~ ~ ~
Killingly's retail has changed quite a bit since I left back in 2006. In addition to the construction of new shops, a new high school is being built (if not already finished) as well as conversions of older buildings to offices and new buildings for condos.
Here's what I have to say about each of those:
It was only a matter of time before Big Corporate came in and started setting up shop. All they needed was the land, and someone or some organization was finally able to develop the old Anchor Glass Container property. Said honestly, this should have been done years ago as it was directly next to the interstate, had nothing on the property worth saving (when I say it was a big clay pit I wasn't kidding) and served as nothing more than an eyesore for years. Why it took so frickin' long to happen is a mystery, but better late than never I suppose.
That whole fracas started with the original building. It was designed in such a way where floors could be added to accommodate more students. But of course that didn't happen and instead a building was made to hold a few thousand students with absolutely no chance of expansion. In other words, a lot of corners were cut.
In the last few years I was there, every year the residents voted down the construction of a new high school because the nobody could afford it - including the taxpayers. But someone finally got it thru.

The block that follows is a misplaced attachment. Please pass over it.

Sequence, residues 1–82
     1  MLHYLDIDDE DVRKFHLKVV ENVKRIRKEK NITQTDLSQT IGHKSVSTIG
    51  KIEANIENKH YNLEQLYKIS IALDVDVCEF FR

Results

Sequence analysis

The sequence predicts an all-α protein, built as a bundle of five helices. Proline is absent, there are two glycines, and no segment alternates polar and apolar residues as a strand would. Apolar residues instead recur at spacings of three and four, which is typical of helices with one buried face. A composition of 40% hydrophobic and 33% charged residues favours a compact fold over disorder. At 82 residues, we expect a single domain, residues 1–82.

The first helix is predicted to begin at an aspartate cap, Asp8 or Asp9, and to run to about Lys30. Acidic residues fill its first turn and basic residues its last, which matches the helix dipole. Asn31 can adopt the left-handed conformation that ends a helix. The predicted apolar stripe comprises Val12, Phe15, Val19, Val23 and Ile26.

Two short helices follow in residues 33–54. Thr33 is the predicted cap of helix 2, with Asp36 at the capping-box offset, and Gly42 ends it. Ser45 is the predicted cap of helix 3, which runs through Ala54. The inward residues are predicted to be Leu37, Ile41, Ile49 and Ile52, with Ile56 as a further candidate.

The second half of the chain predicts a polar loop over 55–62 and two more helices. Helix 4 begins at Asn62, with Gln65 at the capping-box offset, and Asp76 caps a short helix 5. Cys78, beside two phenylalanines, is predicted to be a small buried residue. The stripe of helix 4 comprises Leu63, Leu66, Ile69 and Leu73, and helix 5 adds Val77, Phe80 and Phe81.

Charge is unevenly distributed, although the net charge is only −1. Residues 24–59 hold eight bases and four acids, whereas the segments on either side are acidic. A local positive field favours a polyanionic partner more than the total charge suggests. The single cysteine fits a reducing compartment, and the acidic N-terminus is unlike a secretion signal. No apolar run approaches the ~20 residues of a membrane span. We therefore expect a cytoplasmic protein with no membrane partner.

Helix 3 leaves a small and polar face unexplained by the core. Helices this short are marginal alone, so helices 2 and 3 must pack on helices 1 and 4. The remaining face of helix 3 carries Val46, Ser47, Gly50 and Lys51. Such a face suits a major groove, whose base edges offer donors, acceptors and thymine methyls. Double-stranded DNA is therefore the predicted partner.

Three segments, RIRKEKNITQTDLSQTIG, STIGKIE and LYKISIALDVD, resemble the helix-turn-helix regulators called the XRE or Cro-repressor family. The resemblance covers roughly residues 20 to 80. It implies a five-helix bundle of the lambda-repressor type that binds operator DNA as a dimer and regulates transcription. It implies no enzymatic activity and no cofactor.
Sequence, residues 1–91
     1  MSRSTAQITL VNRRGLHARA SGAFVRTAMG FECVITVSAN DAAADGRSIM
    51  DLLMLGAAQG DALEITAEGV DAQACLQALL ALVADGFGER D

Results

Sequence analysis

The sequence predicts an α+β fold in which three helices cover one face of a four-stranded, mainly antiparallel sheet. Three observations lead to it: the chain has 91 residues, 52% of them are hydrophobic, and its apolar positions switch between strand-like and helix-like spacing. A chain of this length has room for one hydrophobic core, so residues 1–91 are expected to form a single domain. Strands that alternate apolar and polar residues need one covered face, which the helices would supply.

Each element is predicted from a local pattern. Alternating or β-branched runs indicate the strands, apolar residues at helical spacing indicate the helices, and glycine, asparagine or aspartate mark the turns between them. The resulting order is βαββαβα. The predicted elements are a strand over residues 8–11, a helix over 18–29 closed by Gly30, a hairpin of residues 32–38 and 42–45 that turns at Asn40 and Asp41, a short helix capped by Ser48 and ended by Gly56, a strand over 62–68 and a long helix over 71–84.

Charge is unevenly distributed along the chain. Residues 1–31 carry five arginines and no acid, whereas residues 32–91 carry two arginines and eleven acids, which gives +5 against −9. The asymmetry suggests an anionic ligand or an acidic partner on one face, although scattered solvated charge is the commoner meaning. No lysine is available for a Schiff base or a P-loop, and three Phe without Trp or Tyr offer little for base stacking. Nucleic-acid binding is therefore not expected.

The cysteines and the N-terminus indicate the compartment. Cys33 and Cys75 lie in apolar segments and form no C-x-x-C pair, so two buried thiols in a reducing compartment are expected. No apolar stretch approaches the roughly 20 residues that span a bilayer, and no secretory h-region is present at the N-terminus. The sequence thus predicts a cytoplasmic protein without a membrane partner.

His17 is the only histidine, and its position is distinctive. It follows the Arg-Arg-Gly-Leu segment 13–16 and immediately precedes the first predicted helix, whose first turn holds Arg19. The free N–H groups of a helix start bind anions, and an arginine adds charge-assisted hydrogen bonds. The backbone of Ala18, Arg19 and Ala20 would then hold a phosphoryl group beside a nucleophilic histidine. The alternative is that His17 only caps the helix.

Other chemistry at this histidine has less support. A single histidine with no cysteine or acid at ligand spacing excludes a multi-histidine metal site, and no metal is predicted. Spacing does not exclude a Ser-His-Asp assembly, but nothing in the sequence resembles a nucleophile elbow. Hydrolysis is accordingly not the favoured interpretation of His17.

One thing is for sure - that building or set of buildings better be done right the first time. If it's done anywhere near the botch-ups that the other school buildings suffered from, this new one is doomed from the start.
Some of the old mills that have been derelict for decades are finally getting a new lease (literally) on life by being converted into office space.
The two largest problems with old mills have always been safety and environmental. The safety bit is easy enough to understand. Old buildings, old wiring, neglect, etc. The environmental bit only concerns who pays for the clean-up costs. What I mean by that usually whomever buys an old mill is usually responsible for whatever environmental problems are there already. For example, if the building is clogging up a nearby river with crap, that has to be attended to.
Something tells me there have been ways found around the cleanup requirements and that's why there's been a sudden interest in converting those old mills.
New Englanders are typically very anti-rent/lease. It is tradition to own everything. The land, the house, the car, all of it. To put condos in an area like that is a fool's errand.
However there are those who are insistent that condos can work in Windham County.
And they just might.
If the property taxes continue to skyrocket, nobody will be able to afford houses anymore and be forced to rent.
~ ~ ~
There's an old saying that you can never go home again.
I have no intention of living at the stomping grounds ever again.
With all the changes that have been going on in those parts, my intention of never living there again is cemented even further.